Fundamentals Of The Illinois Professional Service Corporation
Illinois Professional Service Corporations are governed by the Professional Service Corporation Act (805 ILCS 10). A Professional Service Corporation in Illinois is a type of corporate structure created under the Professional Service Corporation Act (805 ILCS 10). This type of entity is designed for licensed professionals who wish to incorporate their practices. These professionals include, but are not limited to, accountants, architects, engineers, and lawyers.
A Professional Service Corporation shares many characteristics with a traditional corporation. For example, it is a separate legal entity from its owners, meaning it can sue, be sued, own property, and enter into contracts in its own name. However, one distinctive feature of a Professional Service Corporation is that all shareholders, directors, officers, and employees engaging in the professional services of the corporation must be licensed in the same profession. This is markedly different from other business entities where there are no specific professional licensing requirements for shareholders, directors, or officers.
In terms of liability, a Professional Service Corporation limits the personal liability of its shareholders for the corporation’s business debts and obligations, similar to a traditional corporation. However, it’s important to note that professional service providers remain personally liable for their own professional malpractice.
Taxation is another important aspect to consider. A Professional Service Corporation can choose to be taxed as a C Corporation, where the corporation pays tax on its income, and then shareholders pay tax on any dividends received, leading to a situation often referred to as “double taxation”. Alternatively, it may elect S Corporation status, if it meets certain requirements, where the corporation’s income, deductions, and credits flow through to shareholders for federal tax purposes, helping avoid double taxation.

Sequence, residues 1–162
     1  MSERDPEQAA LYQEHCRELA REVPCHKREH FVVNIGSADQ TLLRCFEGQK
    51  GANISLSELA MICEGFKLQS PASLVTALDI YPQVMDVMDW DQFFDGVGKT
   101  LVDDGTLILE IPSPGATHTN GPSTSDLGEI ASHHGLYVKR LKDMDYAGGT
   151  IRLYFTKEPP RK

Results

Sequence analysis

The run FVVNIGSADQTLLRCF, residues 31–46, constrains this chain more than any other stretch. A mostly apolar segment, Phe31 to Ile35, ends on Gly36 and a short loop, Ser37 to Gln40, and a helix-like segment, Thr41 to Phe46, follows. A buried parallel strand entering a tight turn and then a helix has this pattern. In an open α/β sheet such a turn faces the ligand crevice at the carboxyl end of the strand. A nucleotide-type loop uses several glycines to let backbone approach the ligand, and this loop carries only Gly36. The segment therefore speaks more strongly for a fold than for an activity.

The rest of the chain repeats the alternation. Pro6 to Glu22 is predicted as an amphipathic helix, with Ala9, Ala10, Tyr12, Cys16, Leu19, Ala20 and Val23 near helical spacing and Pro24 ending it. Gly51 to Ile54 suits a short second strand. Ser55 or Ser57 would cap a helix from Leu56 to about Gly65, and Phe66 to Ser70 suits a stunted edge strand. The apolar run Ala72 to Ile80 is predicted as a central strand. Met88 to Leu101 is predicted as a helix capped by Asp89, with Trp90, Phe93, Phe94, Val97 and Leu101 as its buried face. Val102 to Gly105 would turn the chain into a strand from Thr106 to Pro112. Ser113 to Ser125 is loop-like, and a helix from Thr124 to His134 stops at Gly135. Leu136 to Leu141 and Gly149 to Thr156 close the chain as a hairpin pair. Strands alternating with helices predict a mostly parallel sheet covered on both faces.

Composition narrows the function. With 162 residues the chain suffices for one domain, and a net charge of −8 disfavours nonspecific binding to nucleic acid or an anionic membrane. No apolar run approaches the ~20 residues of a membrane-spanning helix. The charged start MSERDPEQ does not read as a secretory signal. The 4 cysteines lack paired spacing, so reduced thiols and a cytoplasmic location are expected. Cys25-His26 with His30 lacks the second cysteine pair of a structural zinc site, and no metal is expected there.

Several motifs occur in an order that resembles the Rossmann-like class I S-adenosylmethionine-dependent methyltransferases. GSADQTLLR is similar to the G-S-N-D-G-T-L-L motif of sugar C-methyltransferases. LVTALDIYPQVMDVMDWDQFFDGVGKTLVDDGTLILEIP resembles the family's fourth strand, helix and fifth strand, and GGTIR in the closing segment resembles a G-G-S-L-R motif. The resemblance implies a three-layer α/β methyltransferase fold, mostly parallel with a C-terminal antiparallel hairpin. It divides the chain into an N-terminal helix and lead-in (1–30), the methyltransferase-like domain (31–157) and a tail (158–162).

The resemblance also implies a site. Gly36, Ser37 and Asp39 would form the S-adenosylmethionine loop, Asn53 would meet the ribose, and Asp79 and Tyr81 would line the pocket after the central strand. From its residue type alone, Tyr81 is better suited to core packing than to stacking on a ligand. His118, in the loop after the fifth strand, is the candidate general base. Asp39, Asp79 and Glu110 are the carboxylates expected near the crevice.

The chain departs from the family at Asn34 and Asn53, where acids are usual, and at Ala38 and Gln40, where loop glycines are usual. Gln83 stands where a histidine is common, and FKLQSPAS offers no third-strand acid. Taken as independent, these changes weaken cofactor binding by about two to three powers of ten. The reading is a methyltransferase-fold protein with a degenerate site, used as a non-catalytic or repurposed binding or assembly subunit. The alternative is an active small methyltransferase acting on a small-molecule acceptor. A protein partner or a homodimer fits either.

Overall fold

Before selecting a Professional Service Corporation as their preferred business entity, licensed professionals should weigh these characteristics against their professional goals, financial circumstances, and potential risks.
Operating A Professional Service Corporation – Advantages and Disadvantages
Operating a Professional Service Corporation (PSC) comes with unique advantages and disadvantages when compared to a Professional Limited Liability Company (PLLC) and a traditional corporation. The primary advantage of a PSC over a PLLC and a traditional corporation is that it offers personal liability protection for its owners from the corporation’s debts and obligations, just like a traditional corporation. However, unlike a traditional corporation, all shareholders, directors, officers, and employees who provide professional services must be licensed in the same profession, which can be an advantage in promoting a unified professional identity and standard.
PSCs may also have certain tax benefits. If eligible, a PSC can elect to be treated as an S corporation for tax purposes, allowing for pass-through taxation, where income and losses are passed through to the shareholders’ personal tax returns, avoiding the double taxation that can occur with traditional C corporations.
However, there are disadvantages to consider as well. A key drawback is that individual professionals in a PSC remain personally liable for their own professional malpractice, a risk that is also present in a PLLC but not a traditional corporation.